One of my favorite blogs is Trey Pitsenberger's "The Blogging Nurseryman". Pitsenberger, owner of the Golden Gecko Nursery in Garden Valley, California, waxes rhapsodic on the ups and downs of owning a small nursery in an out of the way location (Garden Valley, in the Sierra Nevada foothills of Northern California, is about halfway between Georgetown and Lotus...as if that is of any help to you who are not familiar with the area!). About an hour's drive away from Sacramento, along curving, steep roads, Golden Gecko Nursery serves a rural population whose closest shopping areas would include Placerville and Auburn.
In his blog of last week, Pitsenberger wrote about the increase in business for his nursery this spring, thanks to the renaissance of the backyard vegetable garden and his emphasis on organic fertilizers and pesticides. And the biggest favorable variable of all: the weather. Here in Northern California, it has been a fantastic spring. Not too hot, not too stormy, with mild nights, perfect for getting plants growing...and perfect for attracting customers to nurseries.
Gardeners will always want to "kick the tires" when it comes to plant selection. They want to see, touch, smell and admire any vegetable transplant, annual, perennial, shrub or tree before they buy it.
But when it comes to garden hard goods, especially pest control products and tools, more and more gardeners, especially rural gardeners, are shopping for price...and shopping online.
That's why I think it was a smart move on Pitsenberger's part to mention in his blog that his nursery's price for Sluggo Plus is the same as online retailing behomoth Amazon.com: $11.99.
More nurseries should consider posting their prices for garden goods when they can meet or beat Amazon's. And that might be easier than you think, if you dig a little deeper into their pricing structure.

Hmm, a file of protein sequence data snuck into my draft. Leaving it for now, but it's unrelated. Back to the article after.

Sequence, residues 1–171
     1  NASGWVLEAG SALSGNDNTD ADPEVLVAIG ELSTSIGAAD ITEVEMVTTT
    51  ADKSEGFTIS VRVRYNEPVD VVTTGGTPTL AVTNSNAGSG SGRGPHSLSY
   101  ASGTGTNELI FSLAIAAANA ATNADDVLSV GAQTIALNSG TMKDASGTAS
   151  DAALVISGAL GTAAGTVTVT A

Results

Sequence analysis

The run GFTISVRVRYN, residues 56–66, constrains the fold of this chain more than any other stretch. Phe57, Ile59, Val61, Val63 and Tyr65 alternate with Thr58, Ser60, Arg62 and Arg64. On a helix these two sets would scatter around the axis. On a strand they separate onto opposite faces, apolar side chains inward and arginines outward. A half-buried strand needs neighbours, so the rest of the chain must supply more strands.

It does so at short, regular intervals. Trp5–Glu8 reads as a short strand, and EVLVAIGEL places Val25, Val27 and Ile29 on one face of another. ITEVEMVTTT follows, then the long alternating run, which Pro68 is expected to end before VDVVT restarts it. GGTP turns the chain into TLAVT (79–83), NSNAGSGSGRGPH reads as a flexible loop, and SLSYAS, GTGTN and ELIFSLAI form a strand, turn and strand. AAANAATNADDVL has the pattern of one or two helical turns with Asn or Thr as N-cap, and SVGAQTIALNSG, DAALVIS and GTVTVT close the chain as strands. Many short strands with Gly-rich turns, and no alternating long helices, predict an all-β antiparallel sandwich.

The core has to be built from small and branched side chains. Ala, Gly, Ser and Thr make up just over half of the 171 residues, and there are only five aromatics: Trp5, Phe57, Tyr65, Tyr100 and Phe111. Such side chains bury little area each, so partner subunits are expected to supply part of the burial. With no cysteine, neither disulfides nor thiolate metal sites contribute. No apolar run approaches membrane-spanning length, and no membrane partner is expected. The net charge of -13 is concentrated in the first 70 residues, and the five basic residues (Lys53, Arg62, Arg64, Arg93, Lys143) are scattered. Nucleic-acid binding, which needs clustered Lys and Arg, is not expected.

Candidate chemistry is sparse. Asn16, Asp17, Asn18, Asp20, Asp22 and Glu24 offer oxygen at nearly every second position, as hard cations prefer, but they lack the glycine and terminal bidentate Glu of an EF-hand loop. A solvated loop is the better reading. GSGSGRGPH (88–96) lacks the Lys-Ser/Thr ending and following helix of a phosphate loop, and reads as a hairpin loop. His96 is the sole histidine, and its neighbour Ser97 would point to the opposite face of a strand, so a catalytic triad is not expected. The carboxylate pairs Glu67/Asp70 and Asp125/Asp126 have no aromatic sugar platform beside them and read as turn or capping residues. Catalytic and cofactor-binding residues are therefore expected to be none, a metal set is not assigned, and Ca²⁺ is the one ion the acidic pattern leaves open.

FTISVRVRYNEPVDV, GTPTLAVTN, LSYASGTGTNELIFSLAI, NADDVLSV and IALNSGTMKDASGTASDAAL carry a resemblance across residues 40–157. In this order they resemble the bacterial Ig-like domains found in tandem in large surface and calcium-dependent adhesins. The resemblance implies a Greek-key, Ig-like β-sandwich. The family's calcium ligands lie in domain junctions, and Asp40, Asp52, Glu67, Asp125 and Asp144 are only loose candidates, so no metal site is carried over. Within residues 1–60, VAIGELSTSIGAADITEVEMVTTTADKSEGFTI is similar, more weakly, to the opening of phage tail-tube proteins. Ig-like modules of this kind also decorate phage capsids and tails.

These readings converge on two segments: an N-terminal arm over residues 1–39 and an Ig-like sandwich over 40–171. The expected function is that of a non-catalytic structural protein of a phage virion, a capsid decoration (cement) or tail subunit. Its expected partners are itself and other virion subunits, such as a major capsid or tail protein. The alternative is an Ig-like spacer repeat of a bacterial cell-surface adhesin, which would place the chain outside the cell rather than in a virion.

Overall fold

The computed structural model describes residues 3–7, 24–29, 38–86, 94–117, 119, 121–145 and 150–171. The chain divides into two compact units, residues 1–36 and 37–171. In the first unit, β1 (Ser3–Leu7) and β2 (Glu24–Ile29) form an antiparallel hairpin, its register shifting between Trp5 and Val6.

Amazon has the advantage of not charging sales tax. By shipping from their Nevada warehouse and not setting up shop in California, Amazon does not legally have to charge sales tax at this time (that could change...soon, here in budget-busted California). And, although Amazon (and a few other online retailers) may offer free shipping for some of their product lines, it pays for nurseries to dig a little deeper into Amazon's garden offerings...because the hidden shipping fees that Amazon's partners might charge may be the tipping point to the favor of the small nursery.
For example, consider that $11.99 price point for Sluggo Plus that Golden Gecko and Amazon are charging. It is actually one of Amazon's vendor/partners, GreenSense, that is offering that one pound box of Sluggo Plus for $11.95 (as of 6/22/09). Go a little further into the online ordering process, and you find that there is a $5.89 charge for shipping! So, Pitsenberger is actually BEATING the Amazon price, even with the addition of California's 8.25% sales tax in El Dorado County.
Also consider the shipping delays when ordering online: three to five days before the product might ship (at the lowest rate). Shopping at a nursery, the customer gets instant gratification. Those snails and earwigs can do a lot of damage in a week while the online shopper is waiting for the Sluggo!
So often, small nurseries turn their wrath towards the big box stores. But their biggest competitor might be sitting on a desk in every gardener's home...the personal computer. But by picking out those products where they can beat their online competition on price...including shipping charges...and trumpeting those bargains in their store, nurseries can make gardeners think twice before ordering online, and bring them back into the nursery.